She is a very large woman. Her face and hair make her look ancient, but she still exudes the memory of great strength. She sits by the piano, and as I play the hymns, she rocks to their rhythm. Her eyes are closed.
She comes only occasionally to the music hour at the Senior Center, and sits quietly away from the others, listening.
''Would you like a songbook?'' I ask her softly.
''No,'' she answers, ''just play, play.''
I am strangely moved by her demeanor and keep stealing glances at her, as the regulars in the room sing their spontaneous harmony. The great body sways. Her face is lined with scars of profound suffering. Her hands lie very still on her lap, and I find myself wanting to reach out and touch them.
No one at the center knows much about her. Every time she comes, near the end of the singing session, she asks, ''Now play 'How Great Thou Art,''' and I do.
The people in the room are mostly black. They enjoy singing gospel songs, but I love Negro spirituals. They are almost surprised when I suggest ''Deep River'' or ''Go Down Moses.'' They would rather sing ''Amazing Grace,'' but they humor me with a magnificent ''Just a Closer Walk with Thee.'' They all love ''How Great Thou Art,'' treating it in style and rhythm as a spiritual, never realizing its northern European origin.
''Play it now,'' she says, and on this song alone, she sings. Still she keeps her eyes closed, but great tears roll down the cheeks spotted with age.
I am profoundly moved. Her face becomes transformed by that inner ''peace that passes understanding.'' I, who run away from stereotypes, see her at this moment as the mother of a whole race of women - those black women in America who looked after white people's babies and learned to love them, all the while worrying about their children left untended back home . . . . black women who dressed their own in the employers' castoffs, who cooked food for families who would send leftovers with them considering it enough payment for hard work . . . black women who raised their young, and their children's children, and many times a third generation.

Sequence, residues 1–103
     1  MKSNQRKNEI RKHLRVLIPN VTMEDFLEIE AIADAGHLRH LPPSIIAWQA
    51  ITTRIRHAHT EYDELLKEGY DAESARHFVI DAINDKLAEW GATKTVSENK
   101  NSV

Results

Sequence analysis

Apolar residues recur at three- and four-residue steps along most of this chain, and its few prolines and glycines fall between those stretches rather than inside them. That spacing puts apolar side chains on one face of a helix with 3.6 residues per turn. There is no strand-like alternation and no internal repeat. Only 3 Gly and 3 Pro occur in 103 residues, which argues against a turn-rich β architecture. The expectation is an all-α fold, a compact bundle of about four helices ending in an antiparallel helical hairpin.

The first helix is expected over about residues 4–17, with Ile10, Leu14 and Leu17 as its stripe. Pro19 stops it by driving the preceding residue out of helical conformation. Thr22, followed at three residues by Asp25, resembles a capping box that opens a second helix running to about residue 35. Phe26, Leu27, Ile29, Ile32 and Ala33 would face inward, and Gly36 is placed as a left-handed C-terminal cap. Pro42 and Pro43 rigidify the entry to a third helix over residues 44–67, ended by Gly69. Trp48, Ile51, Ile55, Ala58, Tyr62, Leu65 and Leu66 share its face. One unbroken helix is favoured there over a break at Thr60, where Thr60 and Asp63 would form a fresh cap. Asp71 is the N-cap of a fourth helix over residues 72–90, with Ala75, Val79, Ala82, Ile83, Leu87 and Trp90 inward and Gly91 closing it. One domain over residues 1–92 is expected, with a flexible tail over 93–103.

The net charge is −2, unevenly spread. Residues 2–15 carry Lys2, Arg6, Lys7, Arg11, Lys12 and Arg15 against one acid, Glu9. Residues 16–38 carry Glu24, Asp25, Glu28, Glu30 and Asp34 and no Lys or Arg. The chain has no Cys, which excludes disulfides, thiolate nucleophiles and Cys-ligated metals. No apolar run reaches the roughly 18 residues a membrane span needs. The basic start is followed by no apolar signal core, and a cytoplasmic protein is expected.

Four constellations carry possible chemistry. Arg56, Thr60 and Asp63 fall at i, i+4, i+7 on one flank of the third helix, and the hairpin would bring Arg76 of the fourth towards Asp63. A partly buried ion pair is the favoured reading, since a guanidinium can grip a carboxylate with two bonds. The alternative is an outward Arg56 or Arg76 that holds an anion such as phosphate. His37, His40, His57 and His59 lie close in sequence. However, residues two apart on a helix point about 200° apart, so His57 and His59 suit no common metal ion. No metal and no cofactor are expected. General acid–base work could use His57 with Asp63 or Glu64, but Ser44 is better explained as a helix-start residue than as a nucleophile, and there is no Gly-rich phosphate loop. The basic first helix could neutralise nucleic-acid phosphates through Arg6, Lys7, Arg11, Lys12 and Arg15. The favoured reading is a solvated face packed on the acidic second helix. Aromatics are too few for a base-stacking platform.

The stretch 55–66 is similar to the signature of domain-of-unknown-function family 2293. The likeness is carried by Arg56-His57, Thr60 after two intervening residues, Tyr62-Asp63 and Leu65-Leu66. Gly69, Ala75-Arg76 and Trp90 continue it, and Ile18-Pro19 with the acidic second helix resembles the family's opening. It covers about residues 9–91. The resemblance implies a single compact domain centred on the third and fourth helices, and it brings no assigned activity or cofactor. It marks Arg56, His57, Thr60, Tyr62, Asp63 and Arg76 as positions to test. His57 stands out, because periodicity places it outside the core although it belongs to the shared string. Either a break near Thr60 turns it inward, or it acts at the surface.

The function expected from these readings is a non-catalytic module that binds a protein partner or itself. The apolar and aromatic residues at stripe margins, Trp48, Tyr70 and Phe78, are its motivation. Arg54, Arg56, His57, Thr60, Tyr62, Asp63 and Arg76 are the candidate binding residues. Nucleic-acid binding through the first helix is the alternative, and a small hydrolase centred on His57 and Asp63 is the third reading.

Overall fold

I know such women intimately, and she, the mother who sings with eyes closed, becomes the reality of all of them. I look at her with awe and see the light which bathes her face as she sings: Then sings my soul, my Saviour, God, to Thee How great Thou art, how great Thou art .
And I know beyond sociological treatises and theological arguments what it is that gives beauty, dignity, and strength to these women she shows me.
Hard work, with a pittance for compensation, has not deprived them of their dignity, for they served, doing ''all things as unto their Lord.'' Responsibility for large families has not bowed them, for as they gave off strength, they increased in grace and power. Bitterness has no room in them, for they have been filled with love.
I do not recognize all this in order to salvage my white woman's guilt. I am not ignoring all the sophisticated derision which exists among many blacks and some whites on the subject of black churches and the faith of the people who fill them.
But the sophists and the cynics do not know women like her and the others who sing with me each week. They have not seen the light on those long-suffering faces, the smile which reflects a knowledge no cynic will ever experience. They have not listened to them laugh without a trace of rancor, they have not heard the glory of their singing.
In such women of faith, this enormous trust in the goodness of their Creator comes from knowledge, not ignorance.
It is the knowledge which is the secret of people who have truly suffered and have endured; the assurance which is given to those who have come face to face with reality, with ''the Ground of our Being,'' the ''Holy Other'' - from experiencing their God.